The dismissal came as a surprise to everyone, not the least of whom was Microsoft. The tech giant has reportedly invested more than $13b in OpenAI and owns 49% of the company.

On Sunday, Microsoft Chief Executive Satya Nadella announced in a blog post that Altman and Brockman “together with colleagues” would be joining the company to run a new AI research team.

Meanwhile, a wave of ❤️ emojis flooded X over the weekend from OpenAI staffers expressing solidarity and outrage at Altman’s firing.

Hundreds, including new OpenAI acting CEO Mira Murati, then posted the phrase: “OpenAI is nothing without its people” on X.

According to Wired.com, 700 out of 770 employees signed a letter to the board threatening to quit unless it reinstated Altman.

That was on Monday Nov 20. By Tuesday, Altman had been reinstated, and (most of) the board dissolved.

‘OpenAI is nothing without its people’: How Sam Altman Got His Job Back

Reportedly, Altman’s firing was over the pace of AI development and/or monetization strategies. However, the board’s vague language and general lack of explanation let speculation run rampant and fuelled doubt about the technology.

OpenAI also ousted Altman without consulting Microsoft. This did not go over well with the company’s main investor. Microsoft CEO Nadella did not know why Altman was fired, telling Bloomberg: “The board has not talked about anything that Sam did other than some breakdown in communications.”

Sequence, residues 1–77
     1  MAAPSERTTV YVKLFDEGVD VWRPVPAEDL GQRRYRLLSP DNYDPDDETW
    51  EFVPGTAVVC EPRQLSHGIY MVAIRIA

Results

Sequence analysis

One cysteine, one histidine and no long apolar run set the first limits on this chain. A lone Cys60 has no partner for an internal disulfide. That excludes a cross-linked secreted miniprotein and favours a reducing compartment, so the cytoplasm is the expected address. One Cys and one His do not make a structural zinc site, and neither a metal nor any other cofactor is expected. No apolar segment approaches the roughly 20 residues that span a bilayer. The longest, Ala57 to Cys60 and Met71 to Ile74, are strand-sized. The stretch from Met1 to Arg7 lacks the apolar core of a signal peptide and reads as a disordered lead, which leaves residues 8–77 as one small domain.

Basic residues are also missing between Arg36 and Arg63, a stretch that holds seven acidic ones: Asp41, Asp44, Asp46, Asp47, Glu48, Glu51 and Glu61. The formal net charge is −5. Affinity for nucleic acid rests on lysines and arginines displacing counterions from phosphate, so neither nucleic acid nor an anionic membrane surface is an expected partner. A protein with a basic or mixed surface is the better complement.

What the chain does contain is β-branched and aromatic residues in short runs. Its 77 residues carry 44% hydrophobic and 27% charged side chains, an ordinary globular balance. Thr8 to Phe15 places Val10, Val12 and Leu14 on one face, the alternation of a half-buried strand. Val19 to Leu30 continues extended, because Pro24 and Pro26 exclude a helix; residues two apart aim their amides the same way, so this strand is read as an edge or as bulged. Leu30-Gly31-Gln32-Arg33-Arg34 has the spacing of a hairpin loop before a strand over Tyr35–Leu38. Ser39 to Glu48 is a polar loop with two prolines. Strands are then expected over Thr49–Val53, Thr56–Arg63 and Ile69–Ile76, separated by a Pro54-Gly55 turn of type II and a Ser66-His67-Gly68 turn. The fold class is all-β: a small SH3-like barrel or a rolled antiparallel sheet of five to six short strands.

In contrast, Altman (and Brock) maintained their cool. In their X posts they came across as blindsided by the events. They were able to take the role of the underdog. Altman became a martyr for the cause, and the media fed the perception of him as victim of a short-sighted board. And perception is 9/10ths of the law, to borrow a phrase.

But the real communications story is behind the scenes. It’s likely—though not certain—that the threatened mass exodus on the part of OpenAI’s employees led to Altman’s rehiring. So how was the 38-year-old able to inspire such loyalty?

Media stories about OpenAI and Altman paint a picture of a leader who is deeply involved in his company’s vision and culture. His energy and enthusiasm about AI, and its potential to improve humanity, have made him an influential leader. And, through his continued presence in the media and at public events, Altman—who owns no shares of OpenAI—has become the face of AI on the world stage.